Here's an interesting proposition, to which I guess I'll have to plead guilty: Paul Ryan's presence on the ticket makes it less likely that the most pressing problem we face will be central to the campaign. My post on Ryan is what the author is talking about:
...putting Ryan on the ticket tends to cement the idea of the 2012 election as a choice between two competing ideological visions.
Focusing attention on the big-picture disagreement between Democrats and Republicans about long-term fiscal policy means we will not be focusing attention on what ought to be the most pressing economic policy issue of our time—mass unemployment and the tragic waste of human and economic potential it represents. ... But that means the terrible economic performance since 2009 and the large jobs deficit built up during that period are going to receed further into the rearview mirror. Romney is essentially conceding that the past 18 months of 150,000 jobs per month are good enough to get Obama re-elected, and he needs to wage a campaign about something bigger. Which means that, a bit weirdly, the issue that ought to dominate the campaign is going to fade into obscurity.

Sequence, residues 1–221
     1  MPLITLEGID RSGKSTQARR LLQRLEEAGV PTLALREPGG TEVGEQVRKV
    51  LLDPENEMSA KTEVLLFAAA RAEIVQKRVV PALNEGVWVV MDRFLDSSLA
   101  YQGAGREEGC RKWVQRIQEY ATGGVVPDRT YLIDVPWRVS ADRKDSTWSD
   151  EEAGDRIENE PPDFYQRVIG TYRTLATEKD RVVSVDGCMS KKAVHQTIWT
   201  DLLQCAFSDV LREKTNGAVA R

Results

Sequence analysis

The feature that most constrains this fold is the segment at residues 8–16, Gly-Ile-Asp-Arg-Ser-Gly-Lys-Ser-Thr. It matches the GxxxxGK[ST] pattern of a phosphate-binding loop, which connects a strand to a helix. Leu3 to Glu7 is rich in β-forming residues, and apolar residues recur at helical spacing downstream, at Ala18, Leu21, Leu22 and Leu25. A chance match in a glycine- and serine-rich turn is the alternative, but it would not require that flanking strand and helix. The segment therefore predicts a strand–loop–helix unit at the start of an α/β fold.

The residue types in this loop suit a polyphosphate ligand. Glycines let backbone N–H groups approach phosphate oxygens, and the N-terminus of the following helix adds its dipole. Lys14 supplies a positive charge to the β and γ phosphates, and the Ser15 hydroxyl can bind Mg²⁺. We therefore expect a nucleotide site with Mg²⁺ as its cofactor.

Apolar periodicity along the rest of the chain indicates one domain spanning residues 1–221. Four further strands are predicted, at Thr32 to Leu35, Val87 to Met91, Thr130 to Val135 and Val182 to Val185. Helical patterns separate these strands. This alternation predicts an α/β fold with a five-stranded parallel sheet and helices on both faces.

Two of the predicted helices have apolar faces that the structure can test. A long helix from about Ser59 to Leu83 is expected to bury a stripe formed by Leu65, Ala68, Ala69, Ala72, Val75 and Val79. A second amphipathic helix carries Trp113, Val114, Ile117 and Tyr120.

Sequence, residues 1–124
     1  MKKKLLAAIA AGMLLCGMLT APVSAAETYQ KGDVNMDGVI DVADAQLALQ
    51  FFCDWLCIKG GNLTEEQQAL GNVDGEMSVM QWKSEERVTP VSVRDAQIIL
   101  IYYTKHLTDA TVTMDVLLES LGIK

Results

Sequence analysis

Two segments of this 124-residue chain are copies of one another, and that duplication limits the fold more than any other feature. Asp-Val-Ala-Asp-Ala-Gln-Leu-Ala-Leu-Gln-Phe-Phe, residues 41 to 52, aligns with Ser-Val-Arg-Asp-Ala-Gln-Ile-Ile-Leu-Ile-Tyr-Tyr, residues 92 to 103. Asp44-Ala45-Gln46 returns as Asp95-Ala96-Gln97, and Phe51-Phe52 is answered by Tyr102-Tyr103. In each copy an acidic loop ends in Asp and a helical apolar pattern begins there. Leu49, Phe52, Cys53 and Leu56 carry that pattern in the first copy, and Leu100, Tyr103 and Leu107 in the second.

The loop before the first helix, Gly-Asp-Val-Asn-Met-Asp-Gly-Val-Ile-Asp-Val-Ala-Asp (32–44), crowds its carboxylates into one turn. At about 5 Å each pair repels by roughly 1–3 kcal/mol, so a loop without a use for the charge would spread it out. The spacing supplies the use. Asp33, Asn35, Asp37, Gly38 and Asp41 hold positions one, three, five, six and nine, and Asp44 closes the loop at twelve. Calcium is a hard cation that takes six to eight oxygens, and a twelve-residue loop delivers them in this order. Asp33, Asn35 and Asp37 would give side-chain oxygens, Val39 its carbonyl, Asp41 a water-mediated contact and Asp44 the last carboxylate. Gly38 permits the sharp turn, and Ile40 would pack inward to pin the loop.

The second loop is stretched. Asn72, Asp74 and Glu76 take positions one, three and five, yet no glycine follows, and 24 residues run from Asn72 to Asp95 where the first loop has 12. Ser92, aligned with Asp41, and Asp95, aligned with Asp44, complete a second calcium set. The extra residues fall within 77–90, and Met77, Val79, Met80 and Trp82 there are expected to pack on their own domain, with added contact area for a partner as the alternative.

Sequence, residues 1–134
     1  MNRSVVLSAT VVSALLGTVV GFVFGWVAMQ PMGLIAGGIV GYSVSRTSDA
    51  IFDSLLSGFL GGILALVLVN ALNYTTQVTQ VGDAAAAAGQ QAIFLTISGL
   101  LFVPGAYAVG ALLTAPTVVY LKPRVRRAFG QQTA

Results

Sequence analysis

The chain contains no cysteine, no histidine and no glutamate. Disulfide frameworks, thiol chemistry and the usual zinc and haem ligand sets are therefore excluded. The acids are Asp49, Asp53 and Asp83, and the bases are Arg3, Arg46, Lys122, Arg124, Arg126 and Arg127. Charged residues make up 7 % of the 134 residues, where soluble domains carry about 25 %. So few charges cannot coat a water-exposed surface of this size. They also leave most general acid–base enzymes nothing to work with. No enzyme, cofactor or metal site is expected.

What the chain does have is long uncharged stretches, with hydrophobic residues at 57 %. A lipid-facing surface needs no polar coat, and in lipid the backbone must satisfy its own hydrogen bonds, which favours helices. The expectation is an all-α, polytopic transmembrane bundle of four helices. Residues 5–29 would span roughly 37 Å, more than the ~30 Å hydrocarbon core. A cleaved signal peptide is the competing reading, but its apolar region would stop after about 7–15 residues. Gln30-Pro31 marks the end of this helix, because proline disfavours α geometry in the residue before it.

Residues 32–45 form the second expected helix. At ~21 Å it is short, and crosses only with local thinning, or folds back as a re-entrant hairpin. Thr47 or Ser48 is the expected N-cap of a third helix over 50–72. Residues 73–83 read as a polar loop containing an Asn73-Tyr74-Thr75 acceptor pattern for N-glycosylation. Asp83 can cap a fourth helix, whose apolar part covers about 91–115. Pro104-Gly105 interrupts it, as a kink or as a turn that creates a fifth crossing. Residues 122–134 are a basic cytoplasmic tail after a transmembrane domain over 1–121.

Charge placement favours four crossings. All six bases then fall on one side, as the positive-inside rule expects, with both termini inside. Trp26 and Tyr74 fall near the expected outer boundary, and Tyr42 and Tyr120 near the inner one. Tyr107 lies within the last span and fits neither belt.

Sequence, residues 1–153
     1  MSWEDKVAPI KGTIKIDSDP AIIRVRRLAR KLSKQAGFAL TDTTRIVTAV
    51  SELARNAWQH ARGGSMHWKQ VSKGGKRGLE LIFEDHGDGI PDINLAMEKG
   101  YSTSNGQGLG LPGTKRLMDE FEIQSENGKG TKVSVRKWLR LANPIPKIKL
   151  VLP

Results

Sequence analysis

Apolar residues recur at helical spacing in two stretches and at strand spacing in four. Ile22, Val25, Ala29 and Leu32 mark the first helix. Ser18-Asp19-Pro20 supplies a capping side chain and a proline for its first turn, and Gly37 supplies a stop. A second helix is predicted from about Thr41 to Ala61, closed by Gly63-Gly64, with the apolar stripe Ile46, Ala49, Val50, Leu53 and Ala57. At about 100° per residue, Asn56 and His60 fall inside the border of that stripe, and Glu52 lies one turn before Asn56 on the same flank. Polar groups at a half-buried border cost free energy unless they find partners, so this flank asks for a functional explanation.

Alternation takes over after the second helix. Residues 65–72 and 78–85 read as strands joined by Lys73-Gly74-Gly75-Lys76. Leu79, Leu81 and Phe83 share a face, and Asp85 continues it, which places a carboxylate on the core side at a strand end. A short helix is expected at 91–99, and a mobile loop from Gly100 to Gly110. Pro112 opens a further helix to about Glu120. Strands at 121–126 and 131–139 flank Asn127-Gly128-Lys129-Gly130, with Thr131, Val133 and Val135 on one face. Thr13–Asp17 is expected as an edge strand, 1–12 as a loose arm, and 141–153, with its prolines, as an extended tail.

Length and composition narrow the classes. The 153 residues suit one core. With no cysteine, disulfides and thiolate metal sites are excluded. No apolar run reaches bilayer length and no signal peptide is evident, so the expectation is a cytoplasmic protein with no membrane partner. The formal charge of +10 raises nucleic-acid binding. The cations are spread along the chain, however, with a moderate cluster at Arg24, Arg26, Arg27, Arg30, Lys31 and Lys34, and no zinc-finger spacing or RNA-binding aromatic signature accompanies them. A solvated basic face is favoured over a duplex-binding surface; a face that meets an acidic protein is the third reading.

I guess I buy that, although R and R address job creation with the time-honored falsehood that cutting taxes is all you need to do. So, really, it's implicit in their claims. But other than that, they'll avoid discussing the sorts of things the government actually can and ought to do to address jobs, because they don't believe it has a role at all.